In Singapore’s Changi General Hospital, there’s a chance your surgeon won’t have a heart. The cleaners might not have lungs, and the physiotherapist could be completely brainless.
That’s because at Changi General Hospital (CGH), more than 50 members of staff are robots.
From performing surgery to carrying out administrative work, robots have become an integral part of the 1,000-bed hospital’s workforce, says Selina Seah, director for the Centre for Healthcare Assistive and Robotics Technology (CHART), which works with CGH to find high-tech solutions for problems in healthcare.
While CHART has been operating since 2015, the pandemic has created a new need for contactless and remote healthcare solutions.
Singapore already has the highest adoption rate of industrial robots anywhere in the world, with 9 per 100 workers – but that is mostly in the electronics sector. Now, Seah hopes robots can make healthcare more accessible, affordable, and higher quality, as well as safer for pandemic situations.
“There is growing awareness that robots are becoming more important in our work,” says Seah. “Due to Covid-19 and the fact that we have to take care of more patients with less manpower, robots are now a welcome part of our daily life.”
“The three tsunamis”
By 2030, the World Health Organization (WHO) estimates there will be a global shortage of 18 million health workers.
That’s a big concern for small nations like Singapore. With the 65-and-over population expected to jump from 14% in 2019 to 25% in the next decade, the Lion City is particularly vulnerable to the “three tsunamis” in healthcare, says Seah: an aging population, a shrinking workforce, and an increase in chronic disease.
That’s where robots can help. CHART is trying to boost productivity using assistive technology and robotics.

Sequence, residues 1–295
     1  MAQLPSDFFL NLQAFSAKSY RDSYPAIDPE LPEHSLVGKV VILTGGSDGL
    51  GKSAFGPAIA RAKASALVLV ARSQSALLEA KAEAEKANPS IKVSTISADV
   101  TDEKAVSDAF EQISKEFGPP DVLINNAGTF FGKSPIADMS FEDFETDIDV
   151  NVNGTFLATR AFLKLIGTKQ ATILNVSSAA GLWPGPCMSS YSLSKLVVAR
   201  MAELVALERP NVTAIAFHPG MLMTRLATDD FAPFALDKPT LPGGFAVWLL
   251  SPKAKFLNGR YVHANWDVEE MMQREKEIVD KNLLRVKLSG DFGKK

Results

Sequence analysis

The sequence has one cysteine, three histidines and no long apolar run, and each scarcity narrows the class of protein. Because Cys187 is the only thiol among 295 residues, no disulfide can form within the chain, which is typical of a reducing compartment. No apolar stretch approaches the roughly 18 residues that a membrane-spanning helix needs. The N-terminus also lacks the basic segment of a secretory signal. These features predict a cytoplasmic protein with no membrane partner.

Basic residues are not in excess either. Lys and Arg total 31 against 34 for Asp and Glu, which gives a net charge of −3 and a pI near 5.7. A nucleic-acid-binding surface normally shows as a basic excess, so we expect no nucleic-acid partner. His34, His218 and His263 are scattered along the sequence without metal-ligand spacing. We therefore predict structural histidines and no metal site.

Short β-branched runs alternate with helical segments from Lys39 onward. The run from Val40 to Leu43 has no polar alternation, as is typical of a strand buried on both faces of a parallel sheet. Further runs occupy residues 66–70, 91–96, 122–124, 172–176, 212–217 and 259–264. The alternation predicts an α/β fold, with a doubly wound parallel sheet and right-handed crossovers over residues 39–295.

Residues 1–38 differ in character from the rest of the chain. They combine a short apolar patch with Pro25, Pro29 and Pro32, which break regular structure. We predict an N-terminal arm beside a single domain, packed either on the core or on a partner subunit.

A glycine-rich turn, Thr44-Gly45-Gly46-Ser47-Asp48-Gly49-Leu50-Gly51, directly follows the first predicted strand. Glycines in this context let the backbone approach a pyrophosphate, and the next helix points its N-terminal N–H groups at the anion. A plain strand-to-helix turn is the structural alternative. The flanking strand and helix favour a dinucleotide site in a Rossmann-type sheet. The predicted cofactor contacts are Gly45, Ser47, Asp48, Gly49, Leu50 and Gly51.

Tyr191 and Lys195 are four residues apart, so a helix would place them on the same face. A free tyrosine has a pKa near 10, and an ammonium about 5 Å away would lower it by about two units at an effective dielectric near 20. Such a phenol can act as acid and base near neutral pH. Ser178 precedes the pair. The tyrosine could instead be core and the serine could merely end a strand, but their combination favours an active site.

Surgical robots such as the da Vinci Surgical System are among the best-known robots in the hospital, says Seah. These robots act as the human surgeon’s eyes, assisting with minimally invasive surgeries.
Outside of the operating theaters, other robots clean, deliver linen or food, help with hospital maintenance, aid patient rehabilitation, and even assist with lifting patients back into bed, helping reduce the “back-breaking” work that human carers take on, says Seah.
“It’s quite common for our young nurses to get backaches two or three years into the job. Robots can do this dangerous, manual work so that our nurses then can concentrate on providing good clinical care for our patients,” says Seah.
A smart solution
Virtual health services is another area where CGH has seen technology deliver an improvement.
Non-communicable diseases such as heart disease and diabetes are on the rise, responsible for around 71% of global deaths each year, which adds extra pressure to already-strained healthcare systems, says Seah. Realizing that repeat visits to the hospital from patients with chronic diseases weren’t sustainable, CGH adopted a smart “telecare” system that allows doctors to monitor patients who are at home and identify problems early, says Seah.